“All I want people to do is report the truth,” he said, “and for opponents to know the truth.” He added that much of the criticism is based on misperceptions of his worldview. “The truth is it’s a ridiculous sort of parlor game,” he added.
The debate in Congress over the American effort in Iraq and Syria is likely to revolve around how much lawmakers limit the president’s authority and how they attempt to settle a disagreement over the White House’s justification for its airstrikes so far.
The administration has said that it is covered under two existing laws: a 2001 authorization passed after the 9/11 attacks, which Mr. Obama has invoked to carry out strikes against suspected terrorists in Yemen and Somalia, and a 2002 authorization sought by President George W. Bush for the Iraq war.
There are differences of opinion in Congress about what to do with those two laws. Mr. Paul’s resolution would repeal the 2002 authorization and terminate the 2001 law after one year. But some lawmakers say those moves would tie the president’s hands as commander in chief.
A proposal by Senator Tim Kaine, Democrat of Virginia, would set similar limitations, though Mr. Kaine does not seek to repeal the 2001 law, nor does he seek a formal declaration of war. His resolution would also expire after one year, forcing Congress to revisit the issue. And, like Mr. Paul’s proposal, it would preclude the military from sending in ground forces except in very specific circumstances, like the pursuit of a high-value target.
“Rand and I, we see very closely on this issue,” Mr. Kaine said in an interview on Friday. “We both feel like you can’t have a war without congressional authorization of some kind. Congress cannot just let this power rest down at one end of Pennsylvania Avenue.”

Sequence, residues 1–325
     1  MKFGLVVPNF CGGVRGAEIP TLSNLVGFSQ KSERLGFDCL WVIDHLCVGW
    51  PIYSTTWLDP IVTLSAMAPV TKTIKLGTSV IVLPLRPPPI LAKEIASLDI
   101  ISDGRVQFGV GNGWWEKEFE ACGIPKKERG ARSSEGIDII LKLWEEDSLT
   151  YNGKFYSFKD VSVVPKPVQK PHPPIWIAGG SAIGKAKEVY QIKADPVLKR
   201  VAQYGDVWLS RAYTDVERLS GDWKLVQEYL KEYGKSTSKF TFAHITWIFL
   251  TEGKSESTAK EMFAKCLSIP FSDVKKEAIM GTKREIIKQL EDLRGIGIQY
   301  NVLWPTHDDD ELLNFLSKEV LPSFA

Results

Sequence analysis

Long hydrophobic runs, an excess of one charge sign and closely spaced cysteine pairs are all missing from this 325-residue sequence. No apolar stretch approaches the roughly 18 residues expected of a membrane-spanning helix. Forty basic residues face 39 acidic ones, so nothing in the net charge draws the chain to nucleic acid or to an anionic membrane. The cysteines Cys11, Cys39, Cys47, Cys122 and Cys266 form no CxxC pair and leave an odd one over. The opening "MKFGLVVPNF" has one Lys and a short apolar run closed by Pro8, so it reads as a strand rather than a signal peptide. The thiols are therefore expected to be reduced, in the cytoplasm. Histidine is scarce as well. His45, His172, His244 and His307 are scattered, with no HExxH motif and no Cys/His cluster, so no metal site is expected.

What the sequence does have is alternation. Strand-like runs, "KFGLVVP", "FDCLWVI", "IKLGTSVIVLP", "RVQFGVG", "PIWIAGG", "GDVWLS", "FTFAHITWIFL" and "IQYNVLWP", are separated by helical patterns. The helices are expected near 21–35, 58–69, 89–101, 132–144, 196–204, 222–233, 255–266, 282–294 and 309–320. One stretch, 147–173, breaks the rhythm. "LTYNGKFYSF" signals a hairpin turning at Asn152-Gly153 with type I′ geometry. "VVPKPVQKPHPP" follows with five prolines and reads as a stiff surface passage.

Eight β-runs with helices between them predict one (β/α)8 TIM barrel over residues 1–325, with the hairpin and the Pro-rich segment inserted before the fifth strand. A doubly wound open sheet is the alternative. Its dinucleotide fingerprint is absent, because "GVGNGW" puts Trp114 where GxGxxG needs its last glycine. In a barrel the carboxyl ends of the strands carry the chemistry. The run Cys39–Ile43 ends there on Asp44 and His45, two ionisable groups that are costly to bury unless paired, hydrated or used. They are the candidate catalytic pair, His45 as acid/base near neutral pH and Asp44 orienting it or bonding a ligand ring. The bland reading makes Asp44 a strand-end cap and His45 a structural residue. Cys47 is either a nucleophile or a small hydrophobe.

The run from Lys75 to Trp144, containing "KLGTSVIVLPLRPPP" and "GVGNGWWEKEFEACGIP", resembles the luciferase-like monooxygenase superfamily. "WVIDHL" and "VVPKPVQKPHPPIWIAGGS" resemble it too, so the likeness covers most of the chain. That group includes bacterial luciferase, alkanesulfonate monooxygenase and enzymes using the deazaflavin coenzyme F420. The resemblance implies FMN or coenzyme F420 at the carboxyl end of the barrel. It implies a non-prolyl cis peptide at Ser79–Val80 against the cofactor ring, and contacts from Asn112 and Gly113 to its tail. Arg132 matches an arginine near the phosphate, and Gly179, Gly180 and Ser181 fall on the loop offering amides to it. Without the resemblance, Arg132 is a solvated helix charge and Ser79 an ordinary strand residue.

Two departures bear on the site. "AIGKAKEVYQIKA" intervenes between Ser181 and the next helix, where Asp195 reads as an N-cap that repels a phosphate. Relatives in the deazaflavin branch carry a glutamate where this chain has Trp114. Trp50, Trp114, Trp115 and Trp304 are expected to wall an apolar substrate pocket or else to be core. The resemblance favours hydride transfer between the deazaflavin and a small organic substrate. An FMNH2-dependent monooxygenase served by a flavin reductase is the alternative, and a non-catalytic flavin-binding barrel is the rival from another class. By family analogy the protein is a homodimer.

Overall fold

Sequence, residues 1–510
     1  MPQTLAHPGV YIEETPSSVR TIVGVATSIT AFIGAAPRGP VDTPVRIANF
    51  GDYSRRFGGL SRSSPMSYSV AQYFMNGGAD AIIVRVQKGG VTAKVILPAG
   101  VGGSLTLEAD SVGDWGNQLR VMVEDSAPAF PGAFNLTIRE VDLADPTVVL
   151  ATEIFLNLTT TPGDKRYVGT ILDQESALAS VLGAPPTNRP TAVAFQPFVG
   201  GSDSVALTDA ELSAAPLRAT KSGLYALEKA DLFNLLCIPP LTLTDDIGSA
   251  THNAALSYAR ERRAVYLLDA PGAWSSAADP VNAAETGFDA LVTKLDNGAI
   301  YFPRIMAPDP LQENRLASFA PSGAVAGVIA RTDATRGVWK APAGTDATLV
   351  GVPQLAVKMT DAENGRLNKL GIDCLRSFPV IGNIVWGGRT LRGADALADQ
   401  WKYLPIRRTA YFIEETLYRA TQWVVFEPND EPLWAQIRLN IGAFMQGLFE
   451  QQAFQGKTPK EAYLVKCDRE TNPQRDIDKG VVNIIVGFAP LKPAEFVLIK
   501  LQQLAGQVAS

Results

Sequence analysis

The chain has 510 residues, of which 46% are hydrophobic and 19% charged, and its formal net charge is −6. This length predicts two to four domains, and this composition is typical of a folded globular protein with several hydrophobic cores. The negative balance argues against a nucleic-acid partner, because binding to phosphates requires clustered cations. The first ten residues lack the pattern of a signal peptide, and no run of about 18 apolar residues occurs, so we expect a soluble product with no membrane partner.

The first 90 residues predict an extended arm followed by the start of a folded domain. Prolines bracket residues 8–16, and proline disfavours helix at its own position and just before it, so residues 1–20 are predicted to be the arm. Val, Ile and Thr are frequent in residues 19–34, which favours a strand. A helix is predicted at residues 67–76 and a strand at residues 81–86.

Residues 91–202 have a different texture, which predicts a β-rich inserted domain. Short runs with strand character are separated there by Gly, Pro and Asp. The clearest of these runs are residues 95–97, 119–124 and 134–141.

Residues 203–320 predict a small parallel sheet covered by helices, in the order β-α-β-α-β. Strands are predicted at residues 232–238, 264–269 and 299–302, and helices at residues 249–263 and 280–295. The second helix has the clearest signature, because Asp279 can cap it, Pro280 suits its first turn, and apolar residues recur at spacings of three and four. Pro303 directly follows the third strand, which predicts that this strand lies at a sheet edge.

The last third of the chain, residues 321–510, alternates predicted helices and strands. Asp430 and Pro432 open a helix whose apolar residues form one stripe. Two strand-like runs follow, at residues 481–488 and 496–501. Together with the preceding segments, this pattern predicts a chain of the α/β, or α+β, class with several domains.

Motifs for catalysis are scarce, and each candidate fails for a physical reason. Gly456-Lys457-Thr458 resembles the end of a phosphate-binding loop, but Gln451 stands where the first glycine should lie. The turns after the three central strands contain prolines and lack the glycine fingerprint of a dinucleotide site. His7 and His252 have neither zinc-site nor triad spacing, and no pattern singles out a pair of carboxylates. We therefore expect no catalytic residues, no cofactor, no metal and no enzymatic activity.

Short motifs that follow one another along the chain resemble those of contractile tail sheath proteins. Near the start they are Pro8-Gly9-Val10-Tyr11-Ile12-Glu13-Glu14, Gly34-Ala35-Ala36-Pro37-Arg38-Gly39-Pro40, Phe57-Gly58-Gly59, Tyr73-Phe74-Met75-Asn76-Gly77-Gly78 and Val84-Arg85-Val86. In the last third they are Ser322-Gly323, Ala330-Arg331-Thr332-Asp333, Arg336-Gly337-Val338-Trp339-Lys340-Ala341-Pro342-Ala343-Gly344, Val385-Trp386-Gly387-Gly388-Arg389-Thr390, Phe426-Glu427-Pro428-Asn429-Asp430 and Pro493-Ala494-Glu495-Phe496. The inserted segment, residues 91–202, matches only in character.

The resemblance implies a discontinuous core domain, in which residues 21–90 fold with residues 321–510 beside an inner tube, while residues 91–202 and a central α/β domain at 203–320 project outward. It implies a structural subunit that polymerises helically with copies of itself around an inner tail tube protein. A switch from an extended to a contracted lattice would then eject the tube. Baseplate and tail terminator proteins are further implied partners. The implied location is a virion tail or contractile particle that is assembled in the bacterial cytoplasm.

Some conservatives may balk at setting up a narrow set of parameters for the president. Senator James M. Inhofe of Oklahoma, the senior Republican on the Armed Services Committee, has introduced a resolution that would give the president “all necessary and appropriate force” to defend the country against the Islamic State but would require him to report back to Congress on the effort every 90 days.
WOULD RATHER SEE A DECLARATION OF WAR AGAINST THE BUMMER, SEE HIM ARRESTED AND HUNG.
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The immediate danger is from south of the rio grande, not the middle east. rand paul is trying to distract us from the economic and moral degradation caused by the invasion of latinos who are here for the freebies. If we don't preserve our country's moral code and system of government-terrorists in the middle east are irrelevant. We need to re-establish our economic freedom and begin to prosper again. (rid ourselves of obamacare and all of the secret taxes, like the federal tax on used cars and the 4% federal sales tax on real estate. The sneaky scumballs in congress, like rand paul, want to keep spending money and giving to their friends on wall street etc.) Don't be fooled by them again.
The American people know this and it pisses rand paul off; he wants the degeneracy from south of the rio to continue.